Equity Release

Equity release refers to financial products deigned for homeowners aged 55 and above to unlock some of the equity tied up in their property without needing to sell it. Two primary methods for equity release are lifetime mortgages and home reversion plans.

Lifetime Mortgages: This is the most common form of equity release. With a lifetime mortgage, homeowners borrow against the value of their home while retaining ownership. The borrowed amount, plus interest, is repaid when the property is sold, typically upon the homeowner’s death or relocation to long-term care. There are various types of lifetime mortgages, including roll-up, interest-only, and drawdown plans, offering flexibility in how funds are accessed and managed.

Home Reversion Plans: In contrast to lifetime mortgages, home reversion plans involve selling a portion or all of the property to a provider in exchange for a lump sum or regular payments. The homeowners retain the right to live in the property rent-free until they pass away or move into permanent care. Upon the sale of the property, the provider receives their share of the proceeds based on the agreed-upon percentage.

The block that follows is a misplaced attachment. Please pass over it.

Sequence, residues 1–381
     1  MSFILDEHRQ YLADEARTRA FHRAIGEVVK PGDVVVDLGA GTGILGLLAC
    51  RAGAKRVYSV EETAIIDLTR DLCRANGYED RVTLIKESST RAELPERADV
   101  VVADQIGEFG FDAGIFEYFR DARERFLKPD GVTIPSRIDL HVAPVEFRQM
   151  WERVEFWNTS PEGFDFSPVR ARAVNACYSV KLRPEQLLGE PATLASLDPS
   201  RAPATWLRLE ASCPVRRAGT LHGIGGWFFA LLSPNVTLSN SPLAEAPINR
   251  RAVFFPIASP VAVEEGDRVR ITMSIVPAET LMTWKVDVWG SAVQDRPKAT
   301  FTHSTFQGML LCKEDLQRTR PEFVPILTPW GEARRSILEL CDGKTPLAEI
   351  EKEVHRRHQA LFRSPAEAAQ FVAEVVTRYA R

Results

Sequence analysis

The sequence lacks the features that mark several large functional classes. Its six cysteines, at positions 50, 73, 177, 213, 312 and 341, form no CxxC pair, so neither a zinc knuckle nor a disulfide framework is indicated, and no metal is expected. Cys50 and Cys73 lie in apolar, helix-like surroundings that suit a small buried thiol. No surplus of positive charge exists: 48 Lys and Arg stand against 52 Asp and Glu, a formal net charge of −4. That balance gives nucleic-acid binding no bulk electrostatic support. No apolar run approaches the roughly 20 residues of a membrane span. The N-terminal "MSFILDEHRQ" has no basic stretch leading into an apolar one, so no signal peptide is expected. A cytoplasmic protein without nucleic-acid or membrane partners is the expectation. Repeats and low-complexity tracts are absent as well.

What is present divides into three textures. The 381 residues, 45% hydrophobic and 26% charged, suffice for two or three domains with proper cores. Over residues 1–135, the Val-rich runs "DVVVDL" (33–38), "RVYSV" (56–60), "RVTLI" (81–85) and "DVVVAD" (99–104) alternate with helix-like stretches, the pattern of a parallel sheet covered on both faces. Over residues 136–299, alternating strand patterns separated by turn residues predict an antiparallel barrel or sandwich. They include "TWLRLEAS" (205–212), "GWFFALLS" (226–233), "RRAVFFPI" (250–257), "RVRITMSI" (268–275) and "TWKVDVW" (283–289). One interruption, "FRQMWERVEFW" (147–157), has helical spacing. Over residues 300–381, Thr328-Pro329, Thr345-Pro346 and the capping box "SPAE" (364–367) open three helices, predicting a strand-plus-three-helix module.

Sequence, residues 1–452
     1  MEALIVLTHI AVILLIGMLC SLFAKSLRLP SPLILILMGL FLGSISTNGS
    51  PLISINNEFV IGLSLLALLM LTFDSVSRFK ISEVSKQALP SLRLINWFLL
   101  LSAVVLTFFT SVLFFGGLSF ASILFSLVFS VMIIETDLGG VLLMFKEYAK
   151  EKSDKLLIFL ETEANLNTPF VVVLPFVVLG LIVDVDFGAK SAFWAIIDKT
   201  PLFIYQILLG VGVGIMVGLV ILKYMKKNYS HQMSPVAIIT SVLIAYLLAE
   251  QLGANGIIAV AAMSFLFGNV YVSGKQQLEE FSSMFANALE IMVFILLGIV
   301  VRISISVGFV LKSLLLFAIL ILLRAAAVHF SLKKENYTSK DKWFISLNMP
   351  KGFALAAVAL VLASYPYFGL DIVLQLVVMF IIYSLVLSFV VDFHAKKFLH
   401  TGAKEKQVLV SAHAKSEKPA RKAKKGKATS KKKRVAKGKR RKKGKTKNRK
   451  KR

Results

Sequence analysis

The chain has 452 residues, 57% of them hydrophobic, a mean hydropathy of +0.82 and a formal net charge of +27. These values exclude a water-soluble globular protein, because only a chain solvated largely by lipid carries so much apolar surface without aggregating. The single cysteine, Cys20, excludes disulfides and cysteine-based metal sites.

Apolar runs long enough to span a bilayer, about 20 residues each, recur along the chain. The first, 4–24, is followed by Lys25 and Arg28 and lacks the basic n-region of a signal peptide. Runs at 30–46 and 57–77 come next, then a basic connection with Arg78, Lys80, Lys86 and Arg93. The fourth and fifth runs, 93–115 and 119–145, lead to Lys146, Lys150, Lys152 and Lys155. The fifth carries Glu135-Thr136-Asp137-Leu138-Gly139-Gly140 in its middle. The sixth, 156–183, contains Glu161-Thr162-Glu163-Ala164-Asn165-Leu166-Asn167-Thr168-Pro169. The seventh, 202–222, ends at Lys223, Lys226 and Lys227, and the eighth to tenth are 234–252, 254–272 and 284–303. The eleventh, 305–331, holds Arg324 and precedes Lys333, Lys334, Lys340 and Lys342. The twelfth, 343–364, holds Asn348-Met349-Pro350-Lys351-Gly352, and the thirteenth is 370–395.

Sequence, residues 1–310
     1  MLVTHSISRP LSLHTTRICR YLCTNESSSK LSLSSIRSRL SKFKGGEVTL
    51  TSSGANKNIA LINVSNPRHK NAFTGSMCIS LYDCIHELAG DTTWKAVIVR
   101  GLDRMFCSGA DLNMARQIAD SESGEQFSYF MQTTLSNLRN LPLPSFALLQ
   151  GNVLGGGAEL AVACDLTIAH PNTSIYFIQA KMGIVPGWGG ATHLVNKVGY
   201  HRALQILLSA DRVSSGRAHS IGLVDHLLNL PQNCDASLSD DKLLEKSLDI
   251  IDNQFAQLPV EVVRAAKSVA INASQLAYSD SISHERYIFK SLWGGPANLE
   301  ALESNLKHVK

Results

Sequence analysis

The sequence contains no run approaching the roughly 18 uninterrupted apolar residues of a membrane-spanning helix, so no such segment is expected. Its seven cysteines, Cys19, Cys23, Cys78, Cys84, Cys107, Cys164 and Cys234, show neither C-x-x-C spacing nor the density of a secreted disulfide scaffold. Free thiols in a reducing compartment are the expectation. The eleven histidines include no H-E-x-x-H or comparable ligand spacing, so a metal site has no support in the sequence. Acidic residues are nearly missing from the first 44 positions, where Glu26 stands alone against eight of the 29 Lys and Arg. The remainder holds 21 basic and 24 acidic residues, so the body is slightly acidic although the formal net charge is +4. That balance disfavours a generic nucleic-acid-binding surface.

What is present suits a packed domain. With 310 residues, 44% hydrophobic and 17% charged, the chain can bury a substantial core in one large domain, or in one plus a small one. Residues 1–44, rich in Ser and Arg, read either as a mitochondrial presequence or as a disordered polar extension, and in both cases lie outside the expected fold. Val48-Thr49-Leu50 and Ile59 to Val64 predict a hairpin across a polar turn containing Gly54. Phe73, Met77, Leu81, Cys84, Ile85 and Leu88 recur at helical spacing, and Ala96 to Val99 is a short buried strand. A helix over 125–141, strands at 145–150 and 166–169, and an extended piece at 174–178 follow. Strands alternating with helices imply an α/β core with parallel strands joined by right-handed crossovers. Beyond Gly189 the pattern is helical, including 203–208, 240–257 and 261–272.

Both options have implications for inheritance and can affect entitlement to means-tested benefits, so it’s crucial for homeowners to seek financial advice before committing to any equity release scheme.

Equity release, lifetime mortgage and home reversion plans will reduce the value of your estate and can affect your eligibility for means-tested benefits.

A financial adviser is invaluable when exploring equity release options due to the complexity and long-term implications of these financial products. They provide personalised guidance to individual circumstances, ensuring homeowners fully understand the risks, benefits, and alternatives. Advisers assess the suitability of equity release about the homeowner’s financial goals, retirement plans, and potential impacts on inheritance and benefits eligibility. Their expertise helps navigate the intricate terms and conditions of different schemes, ensuring homeowners make informed decisions that align with their best interests and financial well-being.


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